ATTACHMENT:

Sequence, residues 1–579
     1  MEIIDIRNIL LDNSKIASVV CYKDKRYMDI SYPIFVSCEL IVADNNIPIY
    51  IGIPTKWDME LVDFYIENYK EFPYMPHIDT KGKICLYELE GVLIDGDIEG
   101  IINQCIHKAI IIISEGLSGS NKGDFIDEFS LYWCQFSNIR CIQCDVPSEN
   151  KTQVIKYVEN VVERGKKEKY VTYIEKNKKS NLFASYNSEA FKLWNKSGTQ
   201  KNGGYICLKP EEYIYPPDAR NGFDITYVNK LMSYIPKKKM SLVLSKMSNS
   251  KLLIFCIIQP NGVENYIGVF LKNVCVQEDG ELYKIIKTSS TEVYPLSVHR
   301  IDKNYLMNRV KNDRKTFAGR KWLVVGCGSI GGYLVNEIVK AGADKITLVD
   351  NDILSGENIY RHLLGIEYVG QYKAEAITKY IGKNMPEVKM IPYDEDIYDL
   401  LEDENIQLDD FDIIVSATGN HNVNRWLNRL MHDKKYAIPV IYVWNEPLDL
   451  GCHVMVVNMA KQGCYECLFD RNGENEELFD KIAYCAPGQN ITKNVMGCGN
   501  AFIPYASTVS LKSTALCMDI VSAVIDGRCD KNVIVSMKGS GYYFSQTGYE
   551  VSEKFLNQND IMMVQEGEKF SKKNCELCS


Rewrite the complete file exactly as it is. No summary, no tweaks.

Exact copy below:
Sequence, residues 1–579
     1  MEIIDIRNIL LDNSKIASVV CYKDKRYMDI SYPIFVSCEL IVADNNIPIY
    51  IGIPTKWDME LVDFYIENYK EFPYMPHIDT KGKICLYELE GVLIDGDIEG
   101  IINQCIHKAI IIISEGLSGS NKGDFIDEFS LYWCQFSNIR CIQCDVPSEN
   151  KTQVIKYVEN VVERGKKEKY VTYIEKNKKS NLFASYNSEA FKLWNKSGTQ
   201  KNGGYICLKP EEYIYPPDAR NGFDITYVNK LMSYIPKKKM SLVLSKMSNS
   251  KLLIFCIIQP NGVENYIGVF LKNVCVQEDG ELYKIIKTSS TEVYPLSVHR
   301  IDKNYLMNRV KNDRKTFAGR KWLVVGCGSI GGYLVNEIVK AGADKITLVD
   351  NDILSGENIY RHLLGIEYVG QYKAEAITKY IGKNMPEVKM IPYDEDIYDL
   401  LEDENIQLDD FDIIVSATGN HNVNRWLNRL MHDKKYAIPV IYVWNEPLDL
   451  GCHVMVVNMA KQGCYECLFD RNGENEELFD KIAYCAPGQN ITKNVMGCGN
   501  AFIPYASTVS LKSTALCMDI VSAVIDGRCD KNVIVSMKGS GYYFSQTGYE
   551  VSEKFLNQND IMMVQEGEKF SKKNCELCS